Brazilian University Launches World’s First Master’s Degree In Cryptofinance

  • A Brazilian University has launched the world's first Master's Degree in cryptofinance. 
  • The course's students are set to analyze cryptocurrency markets from an objective, academic perspective, as opposed to a speculative one.

Yesterday, various news outlets reported that it is now possible to get a master's degree in cryptofinance. The gist of these reports was that Brazilian University Fundacao Getulio Vargas (FGV), also known as the Sao Paulo School of Economics, claimed that it is offering the world's first master's degree in cryptofinance.

Although universities have been offering courses in blockchain and cryptocurrencies as early as 2014 -- when NYU Stern School of Business became the first major university to launch such a course -- a master's degree solely focused on cryptofinance is unique.

A look at the relevant section of the university's website, shows that FGV has a Master's Program in Economics (MPE) that offers specializations in one of four subjects: Portfolio Management, Risk Management, Data Science, and Cryptofinance. In the second semester of this four-semester program, those specializing in Cryptofinance must take the following courses: "Cryptofinance"; "Cryptoeconomics"; and "Laboratory of Cryptofinance and Economics".

Ricardo Rochman, the program’s coordinator, claimed it was born out of a need for specialized education in the cryptocurrency industry. Per his words, it is a “market with a profound lack of people with expertise.” Students are set to study the markets from a more objective, academic perspective, as opposed to a speculative one.

Michele Araujo, a 26-year-old economics student at FGV noted that learning about cryptocurrencies can be beneficial:

"There is a conceptual gain of knowing both the practical applications of the technology and cryptocurrency as an alternative investment.”

Michele Araujo

Universities in Brazil, the country with the largest crypto market in South America, are seemingly responding to the huge amount of interest in cryptofinance, while refusing to be discouraged by what Ilan Goldfajn, the governor of Brazil's central bank, said about Bitcoin last October:

“The bitcoin is a financial asset with no ballast that people buy because they believe it will appreciate. That is a typical bubble or pyramid [scheme]…The central bank is not interested in bubbles or illicit payments.”

Ilan Goldfajn, governor of Brazil's central bank

 

Israel Bitcoin Association Petitions Banks to Reveal Crypto Policy

Neil Dennis

A number of Israel's bitcoin traders have already filed lawsuits against the country's banks and on Monday traders lodged a formal petition demanding that the financial industry explains its cryptoasset policy.

Israel's banks have barred the country's crypto investors from depositing the returns on their bitcoin and other digital currency investments due to the nation's strict laws on money laundering and the financing of terrorism.

In recent months banks have even blocked investors who are known to trade cryptoassets from opening accounts, according to a report by Israeli business journal Globes.

Central Bank Warning

Israel has seen strong growth in digital currency investment in recent years and in 2014 the Bank of Israel, the nation's central bank, issued a warning - in co-operation with the Tax Authority and several regulatory agencies - about the dangers associated with the use of virtual currency, including fraud and money laundering.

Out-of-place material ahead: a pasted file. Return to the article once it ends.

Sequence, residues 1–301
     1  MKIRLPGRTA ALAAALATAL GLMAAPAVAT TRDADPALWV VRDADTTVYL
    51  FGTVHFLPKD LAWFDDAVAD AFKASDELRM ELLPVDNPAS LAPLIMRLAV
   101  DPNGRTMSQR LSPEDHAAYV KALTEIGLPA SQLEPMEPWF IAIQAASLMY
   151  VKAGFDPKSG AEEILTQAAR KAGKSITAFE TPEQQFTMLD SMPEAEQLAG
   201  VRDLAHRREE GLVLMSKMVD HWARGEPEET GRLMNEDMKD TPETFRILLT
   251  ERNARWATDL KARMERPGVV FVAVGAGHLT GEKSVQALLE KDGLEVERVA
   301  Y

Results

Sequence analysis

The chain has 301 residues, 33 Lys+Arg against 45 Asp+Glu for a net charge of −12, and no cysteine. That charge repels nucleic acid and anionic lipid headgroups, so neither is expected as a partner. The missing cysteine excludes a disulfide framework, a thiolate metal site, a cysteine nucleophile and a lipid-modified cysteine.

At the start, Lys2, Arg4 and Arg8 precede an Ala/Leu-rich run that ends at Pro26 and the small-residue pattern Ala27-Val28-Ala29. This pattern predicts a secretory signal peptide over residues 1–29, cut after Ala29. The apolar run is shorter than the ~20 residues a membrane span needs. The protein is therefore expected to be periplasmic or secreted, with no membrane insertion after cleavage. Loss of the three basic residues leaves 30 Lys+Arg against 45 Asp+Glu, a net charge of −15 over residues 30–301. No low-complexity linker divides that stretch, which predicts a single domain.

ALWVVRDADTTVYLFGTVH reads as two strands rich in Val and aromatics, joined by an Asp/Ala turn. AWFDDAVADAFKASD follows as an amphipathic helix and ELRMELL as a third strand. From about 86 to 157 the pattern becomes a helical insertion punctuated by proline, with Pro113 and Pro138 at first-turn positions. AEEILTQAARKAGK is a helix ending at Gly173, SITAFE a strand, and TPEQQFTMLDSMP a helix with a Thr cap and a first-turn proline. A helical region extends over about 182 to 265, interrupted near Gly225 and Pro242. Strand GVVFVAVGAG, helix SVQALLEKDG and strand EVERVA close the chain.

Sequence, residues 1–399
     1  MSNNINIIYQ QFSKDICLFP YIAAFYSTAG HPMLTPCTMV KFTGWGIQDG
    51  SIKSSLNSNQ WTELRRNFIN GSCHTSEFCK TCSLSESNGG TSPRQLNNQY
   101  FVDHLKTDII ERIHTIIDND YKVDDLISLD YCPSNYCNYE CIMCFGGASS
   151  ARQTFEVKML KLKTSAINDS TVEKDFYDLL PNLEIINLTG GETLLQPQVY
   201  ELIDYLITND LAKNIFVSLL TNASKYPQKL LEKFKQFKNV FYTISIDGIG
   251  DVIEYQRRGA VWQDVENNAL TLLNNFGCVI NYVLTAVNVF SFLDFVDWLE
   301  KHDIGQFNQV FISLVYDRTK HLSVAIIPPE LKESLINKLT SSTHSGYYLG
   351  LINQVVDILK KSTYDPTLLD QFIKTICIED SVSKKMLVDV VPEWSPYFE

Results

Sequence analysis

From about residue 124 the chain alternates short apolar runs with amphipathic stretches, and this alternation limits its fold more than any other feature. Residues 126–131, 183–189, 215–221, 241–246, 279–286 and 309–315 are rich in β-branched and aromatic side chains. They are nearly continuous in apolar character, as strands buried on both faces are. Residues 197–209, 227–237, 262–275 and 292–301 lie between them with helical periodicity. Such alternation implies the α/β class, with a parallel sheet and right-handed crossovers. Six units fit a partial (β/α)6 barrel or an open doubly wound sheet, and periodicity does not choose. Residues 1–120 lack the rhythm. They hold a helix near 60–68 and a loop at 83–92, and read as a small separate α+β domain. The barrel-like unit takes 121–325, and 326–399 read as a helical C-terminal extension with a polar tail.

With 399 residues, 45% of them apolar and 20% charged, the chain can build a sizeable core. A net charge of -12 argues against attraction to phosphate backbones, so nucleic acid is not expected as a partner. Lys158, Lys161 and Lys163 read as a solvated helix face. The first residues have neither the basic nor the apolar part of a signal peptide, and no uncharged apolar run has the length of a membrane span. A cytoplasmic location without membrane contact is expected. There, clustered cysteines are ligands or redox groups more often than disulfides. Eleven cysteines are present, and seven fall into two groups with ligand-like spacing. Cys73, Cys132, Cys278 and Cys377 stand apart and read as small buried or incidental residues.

Taking aim directly at financial services providers, the statement said:

As the use of virtual currencies enables their anonymous transfer, in many cases evading the need to use financial institutions that are subject  to an anti-money laundering and terror financing prohibition regime, this is an activity with a high risk co-efficient in terms of money laundering and terror financing. Therefore, financial institutions must take this into account within the framework of their risk management policy.

Injunction

Israel's top legal authority is well aware a problem exists. In February 2018, the Supreme Court issued a temporary injunction prohibiting a bank from blocking activities in an account held by a company that engaged in bitcoin trading.

The bank, however, countered the Supreme Court's injunction, citing the 2014 Bank of Israel warning regarding the risks of bitcoin trade. The bank alleged that activities exposing the bank to such unlawful acts might "harm its reputation and public trust in the bank".

While the injunction stood, it did not affect the bank's right to examine individual activities in the account, nor did it affect the bank's ability to take steps to minimize risks associated with the business activities of the company.

Freedom of Information

The freedom of information petition filed in the Jerusalem District Court on Monday by the Israel Bitcoin Association demands that commercial banks make public their policies on cryptoassets.

Jonathan Klinger, legal adviser to the Bitcoin Association, told Globes:

Under the Banking (Licensing) Law, it is the duty of a bank to state to the Bank of Israel the policy under which it refuses to conduct transactions. We therefore contacted the Bank of Israel and asked for this information, but the Bank of Israel did not agree to disclose this policy to us. We therefore decided to petition the court to force the Bank of Israel to provide us with a copy of the policy submitted to it by the banks.

Lawsuits

Last week the Tel Aviv District Court received a petition for approval of a 75 million shekel ($21.3 million) class action suit against Bank Hapoalim that alleges the bank refused a customer seeking to deposit money from the sale of digital currencies.